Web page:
3 Reasons Why a Tax Engine for VAT Compliance is Worth the Investment

VAT compliance doesn’t come for free, however you choose to approach it. But is there a solid business case for investing in a tax engine to automate it? My answer is an emphatic “yes.” And, if you’d ask me to make my case in a single word, I’d say: “control.”

VAT may be one of your most substantial monetary flows. For some companies, the aggregate of input and output can be as much as 30% of total revenue. Tax authorities are increasingly imposing stringent reporting obligations, such as real-time reporting, SAF-T, and invoice clearance, which require first-time-right processing for VAT. In an invoice clearance model, for example, while there may be room for modifications, tax authorities will see the corrections, which could easily result in additional questions or an audit of the control framework. 

A tax engine for VAT helps companies to stay in control by enabling:

Connect to systems and reduce human error: One of the big challenges in VAT is that the relevant data and processes are scattered across various departments, including procurement and accounts payable. A single tax engine can be connected not only to multiple ERPs, but also other financial systems for procurement, expenses or e-commerce. Automating the VAT determination in the order-to-cash and procure-to-pay processes can help to forestall errors. There’s less human intervention in processing tax because the requirements are set centrally, and the tax engine can flag or block non-compliant transactions.

Keep VAT systems and knowledge structure up to date: VAT rates and rules are constantly changing. With home-grown solutions in ERP, or a tax add-on to a standard ERP, resources need to be secured for tax research, and for entering the changes into all financial systems. With a tax engine, the rates and rules are embedded and maintained in the software or cloud solution by the software vendor and automatically updated.

Scale easily: With a tax engine, it’s relatively easy to add jurisdictions, regions or newly acquired companies by extending a license or implementing an API into the ERP of the acquired business. It’s much harder to do with an in-house-developed VAT system. With a VAT add-on to an ERP system, adding an acquired company requires either embedding the new company into an ERP system or embedding the add-on in the acquired company’s systems.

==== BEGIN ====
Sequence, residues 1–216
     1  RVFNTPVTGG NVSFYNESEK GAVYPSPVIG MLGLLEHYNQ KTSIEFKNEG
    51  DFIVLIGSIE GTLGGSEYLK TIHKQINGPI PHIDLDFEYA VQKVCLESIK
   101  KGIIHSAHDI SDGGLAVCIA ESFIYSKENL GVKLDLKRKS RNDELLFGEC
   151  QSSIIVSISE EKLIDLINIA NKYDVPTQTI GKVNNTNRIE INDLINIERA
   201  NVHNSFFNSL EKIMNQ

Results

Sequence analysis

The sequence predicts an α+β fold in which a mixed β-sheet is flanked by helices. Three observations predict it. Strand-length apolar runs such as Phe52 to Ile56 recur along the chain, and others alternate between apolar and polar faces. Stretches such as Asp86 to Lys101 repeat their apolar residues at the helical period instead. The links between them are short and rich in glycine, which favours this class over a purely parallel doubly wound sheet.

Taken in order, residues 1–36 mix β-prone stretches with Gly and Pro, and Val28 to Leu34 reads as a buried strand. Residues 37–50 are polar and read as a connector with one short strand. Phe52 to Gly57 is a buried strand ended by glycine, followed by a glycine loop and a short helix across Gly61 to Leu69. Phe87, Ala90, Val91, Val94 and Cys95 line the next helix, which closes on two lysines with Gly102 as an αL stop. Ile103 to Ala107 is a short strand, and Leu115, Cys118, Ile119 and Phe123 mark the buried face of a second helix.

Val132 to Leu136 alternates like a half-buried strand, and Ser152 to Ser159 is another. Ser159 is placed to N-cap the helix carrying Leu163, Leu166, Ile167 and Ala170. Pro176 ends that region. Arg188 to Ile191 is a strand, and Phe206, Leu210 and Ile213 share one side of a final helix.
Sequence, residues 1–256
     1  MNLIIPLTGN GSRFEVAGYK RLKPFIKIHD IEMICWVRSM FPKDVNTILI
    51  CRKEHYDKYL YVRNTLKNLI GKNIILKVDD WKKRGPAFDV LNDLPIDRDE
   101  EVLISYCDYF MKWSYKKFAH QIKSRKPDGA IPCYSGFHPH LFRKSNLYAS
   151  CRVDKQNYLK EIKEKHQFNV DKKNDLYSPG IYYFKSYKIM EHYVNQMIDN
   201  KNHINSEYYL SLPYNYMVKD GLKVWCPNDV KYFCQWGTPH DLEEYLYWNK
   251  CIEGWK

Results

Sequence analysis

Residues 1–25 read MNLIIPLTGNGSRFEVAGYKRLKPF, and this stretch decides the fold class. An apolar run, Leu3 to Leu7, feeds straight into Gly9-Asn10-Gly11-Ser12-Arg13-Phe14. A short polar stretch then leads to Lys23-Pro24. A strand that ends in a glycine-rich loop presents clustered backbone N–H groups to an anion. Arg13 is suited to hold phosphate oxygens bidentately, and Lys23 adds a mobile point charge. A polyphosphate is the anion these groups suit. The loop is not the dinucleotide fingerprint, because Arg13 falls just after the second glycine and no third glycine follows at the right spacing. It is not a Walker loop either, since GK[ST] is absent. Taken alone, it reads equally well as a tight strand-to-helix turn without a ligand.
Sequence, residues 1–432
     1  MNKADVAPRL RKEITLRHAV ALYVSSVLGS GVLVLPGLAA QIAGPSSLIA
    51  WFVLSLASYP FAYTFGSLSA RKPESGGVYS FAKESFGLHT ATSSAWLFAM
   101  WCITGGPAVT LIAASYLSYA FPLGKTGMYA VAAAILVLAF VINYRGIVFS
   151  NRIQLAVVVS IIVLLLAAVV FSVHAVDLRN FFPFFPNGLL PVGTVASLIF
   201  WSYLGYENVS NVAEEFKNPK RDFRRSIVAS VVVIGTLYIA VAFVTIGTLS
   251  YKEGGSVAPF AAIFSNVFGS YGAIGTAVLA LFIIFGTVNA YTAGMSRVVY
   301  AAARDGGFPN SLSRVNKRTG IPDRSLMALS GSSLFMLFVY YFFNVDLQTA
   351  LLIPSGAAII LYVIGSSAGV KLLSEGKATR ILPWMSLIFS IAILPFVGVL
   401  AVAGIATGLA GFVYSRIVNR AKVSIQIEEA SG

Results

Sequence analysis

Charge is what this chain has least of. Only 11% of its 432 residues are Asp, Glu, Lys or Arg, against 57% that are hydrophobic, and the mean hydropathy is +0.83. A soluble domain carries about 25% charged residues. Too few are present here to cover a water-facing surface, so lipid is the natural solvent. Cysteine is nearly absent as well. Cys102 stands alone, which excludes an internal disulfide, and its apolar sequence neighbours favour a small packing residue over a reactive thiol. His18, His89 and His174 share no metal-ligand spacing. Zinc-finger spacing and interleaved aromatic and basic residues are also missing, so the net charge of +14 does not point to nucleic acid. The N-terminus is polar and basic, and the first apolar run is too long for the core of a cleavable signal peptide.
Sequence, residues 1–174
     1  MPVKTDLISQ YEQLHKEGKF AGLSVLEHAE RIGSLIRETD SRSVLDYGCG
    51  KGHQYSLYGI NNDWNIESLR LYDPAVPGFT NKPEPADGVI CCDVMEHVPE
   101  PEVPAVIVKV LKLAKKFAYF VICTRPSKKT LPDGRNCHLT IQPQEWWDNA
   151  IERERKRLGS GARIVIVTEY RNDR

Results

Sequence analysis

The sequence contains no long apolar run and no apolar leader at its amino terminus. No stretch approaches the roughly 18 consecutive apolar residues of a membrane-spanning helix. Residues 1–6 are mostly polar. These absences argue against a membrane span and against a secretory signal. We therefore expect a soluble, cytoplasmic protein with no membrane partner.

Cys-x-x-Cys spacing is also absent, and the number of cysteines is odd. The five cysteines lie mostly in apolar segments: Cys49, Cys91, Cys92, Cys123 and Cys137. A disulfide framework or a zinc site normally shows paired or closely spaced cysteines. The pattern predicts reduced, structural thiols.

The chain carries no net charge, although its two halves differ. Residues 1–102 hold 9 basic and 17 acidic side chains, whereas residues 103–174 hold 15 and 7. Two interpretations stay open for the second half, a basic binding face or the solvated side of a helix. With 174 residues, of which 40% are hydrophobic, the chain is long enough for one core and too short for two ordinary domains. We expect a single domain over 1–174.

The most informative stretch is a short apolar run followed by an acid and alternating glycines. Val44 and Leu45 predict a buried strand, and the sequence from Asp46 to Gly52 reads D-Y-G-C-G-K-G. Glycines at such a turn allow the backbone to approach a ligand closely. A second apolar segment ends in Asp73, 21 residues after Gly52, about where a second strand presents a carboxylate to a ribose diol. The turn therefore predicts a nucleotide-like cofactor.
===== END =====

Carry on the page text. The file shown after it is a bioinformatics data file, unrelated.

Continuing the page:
These are decisive advantages for companies that want to compete in a global arena where reporting requirements are constantly changing and moving closer to real-time. In another post, I’ll explain how to sell the idea of a VAT tax engine to stakeholders with a detailed look at the qualitative and quantitative benefits.

Blog Author

Peter Boerhof, VAT Director at Vertex Inc. Vertex's Chief Tax Office (CTO) provides insight regarding the impact of tax regulations, policy, enforcement, and emerging technology trends on global tax department operations.

Peter Boerhof

Senior Director, VAT

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Peter Boerhof is the Senior VAT Director for Vertex. In his role, he provides insight and thought leadership regarding the impact of tax regulations, policy, enforcement, and emerging technology trends in global tax. Peter has extensive experience in international transactions, business restructuring, tax process optimization, and tax automation. Prior to joining Vertex, Peter was responsible for leading the indirect tax function at AkzoNobel, where he designed and implemented a tax control framework, optimized VAT, and managed the transition to a centralized tax operating model for global tax processes.

He was also responsible for indirect tax planning and compliance for merger and acquisition, supply chain, and ERP projects, as well as the implementation of tax automation initiatives like tax engines and robotics. Boerhof also worked at KPN Royal Dutch Telecom managing VAT, as well as Big Four accounting firms Deloitte and Ernst & Young (EY) advising on VAT compliance and optimization processes. Boerhof holds an MBA from the Rotterdam School of Management and a master’s in tax law from the University of Groningen.

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